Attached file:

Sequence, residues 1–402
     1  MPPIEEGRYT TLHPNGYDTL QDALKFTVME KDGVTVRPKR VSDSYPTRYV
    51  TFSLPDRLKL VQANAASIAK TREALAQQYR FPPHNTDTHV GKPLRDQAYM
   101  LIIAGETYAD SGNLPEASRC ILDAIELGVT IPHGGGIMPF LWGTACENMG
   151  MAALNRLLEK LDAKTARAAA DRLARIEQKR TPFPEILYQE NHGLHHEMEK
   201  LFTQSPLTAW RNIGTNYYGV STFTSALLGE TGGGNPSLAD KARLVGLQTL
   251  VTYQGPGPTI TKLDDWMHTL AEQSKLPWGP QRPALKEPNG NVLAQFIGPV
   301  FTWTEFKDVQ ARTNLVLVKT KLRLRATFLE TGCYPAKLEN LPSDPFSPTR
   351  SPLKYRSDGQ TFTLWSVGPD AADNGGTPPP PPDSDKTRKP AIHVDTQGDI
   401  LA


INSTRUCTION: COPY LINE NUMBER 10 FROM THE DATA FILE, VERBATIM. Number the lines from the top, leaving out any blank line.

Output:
   401  LA